Wise’s double standard prompted the faculty of the Department of African American Studies to observe that while punishing Salaita, the chancellor “tolerates and enables a campus climate of hate speech in which racist epithets, depictions, and racial microaggressions are routinely experienced by Blacks and people of color on this campus.”

This, the violations of Salaita’s free speech rights and the decline of African American enrollment during Wise’s tenure were among the reasons the Department of African American Studies faculty joined other colleagues in voting no confidence in the trustees, the president and the chancellor.

So why did Wise change her position? One hypothesis that now arises: she was simply following orders from above.

“Open and frank”

Following Wise’s statement during last week’s board meeting, Easter addressed the trustees, backing her non-recommendation of Salaita (at about 76:00):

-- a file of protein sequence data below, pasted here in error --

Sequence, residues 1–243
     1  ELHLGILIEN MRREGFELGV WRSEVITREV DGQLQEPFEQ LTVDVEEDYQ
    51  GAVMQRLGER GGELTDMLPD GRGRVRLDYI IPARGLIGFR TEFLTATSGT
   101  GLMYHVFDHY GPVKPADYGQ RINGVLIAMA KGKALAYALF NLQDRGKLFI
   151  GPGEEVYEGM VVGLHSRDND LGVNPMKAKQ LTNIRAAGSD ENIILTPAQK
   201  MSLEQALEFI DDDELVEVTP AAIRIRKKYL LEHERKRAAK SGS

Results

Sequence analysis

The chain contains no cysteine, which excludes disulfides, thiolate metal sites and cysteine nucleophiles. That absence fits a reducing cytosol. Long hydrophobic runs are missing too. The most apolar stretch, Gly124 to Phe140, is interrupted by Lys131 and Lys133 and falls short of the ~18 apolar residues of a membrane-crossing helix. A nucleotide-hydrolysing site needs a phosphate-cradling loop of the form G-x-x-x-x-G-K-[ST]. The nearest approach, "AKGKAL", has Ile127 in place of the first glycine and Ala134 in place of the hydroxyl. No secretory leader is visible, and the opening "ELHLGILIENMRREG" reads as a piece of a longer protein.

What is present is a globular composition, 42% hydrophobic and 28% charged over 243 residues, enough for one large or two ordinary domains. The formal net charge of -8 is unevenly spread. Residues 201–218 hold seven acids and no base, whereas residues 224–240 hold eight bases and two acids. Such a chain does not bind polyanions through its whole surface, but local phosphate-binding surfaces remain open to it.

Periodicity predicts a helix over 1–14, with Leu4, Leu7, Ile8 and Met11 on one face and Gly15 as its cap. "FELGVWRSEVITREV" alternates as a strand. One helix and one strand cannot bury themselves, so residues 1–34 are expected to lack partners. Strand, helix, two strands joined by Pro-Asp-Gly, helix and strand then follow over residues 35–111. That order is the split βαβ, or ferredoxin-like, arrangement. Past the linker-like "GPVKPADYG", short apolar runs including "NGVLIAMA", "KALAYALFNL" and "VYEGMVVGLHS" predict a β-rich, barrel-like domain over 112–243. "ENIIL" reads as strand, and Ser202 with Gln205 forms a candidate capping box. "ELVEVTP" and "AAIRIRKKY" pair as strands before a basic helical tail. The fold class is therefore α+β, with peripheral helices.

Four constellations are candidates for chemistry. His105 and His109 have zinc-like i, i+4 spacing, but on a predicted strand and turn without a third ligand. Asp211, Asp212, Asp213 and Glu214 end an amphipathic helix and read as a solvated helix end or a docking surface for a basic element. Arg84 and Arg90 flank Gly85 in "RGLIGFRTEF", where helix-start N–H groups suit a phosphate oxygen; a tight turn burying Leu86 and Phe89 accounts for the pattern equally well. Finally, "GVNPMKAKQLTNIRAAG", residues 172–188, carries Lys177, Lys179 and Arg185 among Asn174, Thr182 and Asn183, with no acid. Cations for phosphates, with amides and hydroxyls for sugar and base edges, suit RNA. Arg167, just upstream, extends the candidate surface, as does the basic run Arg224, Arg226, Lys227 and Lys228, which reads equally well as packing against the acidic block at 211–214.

I have an ardent belief that universities must be rooted in the open and frank discussion that is fundamental to democratic society and take seriously our responsibility to prepare the next generation of leaders. In our pluralistic society it is increasingly obvious that forward progress is impeded by polarization, bigotry and hurtful dialogue that inhibits reasoned discourse. I’ve come to the conclusion that Professor Salaita’s approach indicates that he would be incapable of fostering a classroom environment where conflicting opinions need to be given equal consideration regardless of the issue being discussed. I’m also concerned that his irresponsible public statements would make it more difficult for the university and particularly the Urbana-Champaign campus to attract the best and brightest students, faculty and staff. I concur with the chancellor that Professor Salaita should not be appointed and that the board should support this decision.